The plaintiff sued his former employer and some of its employees alleging violations of Title VII. This passage sets out the facts:

After Secrease filed suit in June 2014, Western & Southern moved to dismiss the suit as untimely. It argued that Secrease had tried to make his Title VII claims look timely by attaching to his complaint a charge of discrimination, filed with the EEOC in April 2013, but mismatched to a right-to-sue letter dated March 2014 that addressed a different EEOC charge.

Secrease had filed three charges of discrimination with the EEOC. He filed his first charge in March 2013 alleging age and sex discrimination. He repeated those allegations in a second charge, the one from April 2013 that he attached to his complaint. The EEOC assigned the same charge number to both the March and April 2013 charges and issued Secrease a right-to-sue letter, which Secreaseomitted from his complaint, for both charges on June 25, 2013. Secrease filed a third charge in November 2013 that again repeated the sex and age allegations and added that the company had fired him in retaliation for the earlier charges. In March 2014, the EEOC issued Secrease a second right-to-sue letter, for the November 2013 charge, which he attached to his complaint.

The company argued that because Secrease had alleged similar claims in each of his three charges, his time to sue started after he received his first right-to-sue letter in June 2013 and lapsed about nine months before he filed suit. Finally, as to the state-law claims, the company argued that Secrease failed to state a claim.

Secrease asked the court to deny the motion to dismiss. Instead of answeringWestern & Southern’s arguments or seeking to dismiss his suit voluntarily (if he had no response), he asked the court for different relief: an order to resolve the dispute in arbitration. He submitted a document, signed by him, that he said was his employment contract. It contained a mandatory arbitration clause.

Western & Southern replied that Secrease was trying to defraud the court because his actual employment contract did not contain an arbitration clause. According to Western & Southern, Secrease furnished the first and last pages of his own employment contract, both of which he signed in October 2006. But the remaining, interior pages of Secrease’s submission containing an arbitration clause were from an employment contract that the company did not use until 2008, two years after Secrease had signed his employment contract. Although that later contract form did include mandatory arbitration, Secrease and the company never entered into such an agreement. The document identification numbers confirmed the company’s explanation. The signed pages produced by Secrease were labeled 2-0603 (06 representing the year 2006 and 03 representing March) and the remaining pages of the document bore the label 2-0901 (09 for 2009 and 01 for January). Having already experienced Secrease’s effort to mismatch his EEOC charges and right-to-sue letters, Western & Southern asked the district judge to dismiss Secrease’s claims with prejudice as a sanction for his fraud on the court.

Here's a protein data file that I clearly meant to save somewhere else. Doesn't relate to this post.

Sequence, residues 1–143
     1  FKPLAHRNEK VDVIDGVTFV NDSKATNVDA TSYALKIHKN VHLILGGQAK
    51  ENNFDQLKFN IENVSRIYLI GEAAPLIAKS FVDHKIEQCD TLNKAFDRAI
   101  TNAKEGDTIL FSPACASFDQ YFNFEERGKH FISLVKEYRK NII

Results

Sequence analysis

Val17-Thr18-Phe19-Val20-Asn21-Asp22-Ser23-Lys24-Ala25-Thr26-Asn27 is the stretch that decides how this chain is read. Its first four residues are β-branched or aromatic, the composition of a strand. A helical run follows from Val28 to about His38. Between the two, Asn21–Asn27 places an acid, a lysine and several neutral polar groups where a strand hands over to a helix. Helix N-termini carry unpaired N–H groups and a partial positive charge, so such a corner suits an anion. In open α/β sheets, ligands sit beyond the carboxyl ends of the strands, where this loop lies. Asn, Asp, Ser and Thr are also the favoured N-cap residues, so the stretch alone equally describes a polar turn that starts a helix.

The District Court dismissed the case for the fraudulent conduct by the plaintiff. On appeal, the Seventh Circuit was unimpressed by the arguments of Secrease:

We find no error in the district court’s factual finding of attempted fraud. The district judge reasonably concluded that Secrease intended to mislead the court into granting his request to compel arbitration. His actual 2006 contract did not contain the arbitration clause, and Secrease admitted that the inside pages of the contract that he submitted were from a different employee’s contract. He could not substantiate his assertions that he combined the documents only accidentally, that he tried to call the court to correct his mistake, and that he had signed another contract containing an arbitration clause. The district court’s findings that Secreasehad falsified evidence in bad faith and lied about it were amply supported by the evidence and certainly were not clearly erroneous.

Edward X. Clinton, Jr.

Source: SECREASE v. WESTERN & SOUTHERN LIFE INSURANCE COMPANY, Court of Appeals, 7th Circuit 2015 – Google Scholar

A Prenda Law Update

I have not written about Prenda Law in some time as the Prenda Law Firm has lost numerous cases in the Seventh and Ninth Circuits and is subject to several sanctions judgments. The Illinois Attorney Registration and Disciplinary Commission has filed a complaint against John Steele. (Apparently there was a prior version of the complaint that named Paul Duffy as a defendant, but Duffy passed away last month). Given that Prenda, Duffy and Steele lost case after case in federal court, it is unlikely that the disciplinary case will result in a good outcome for Steele.

Edward X. Clinton, Jr.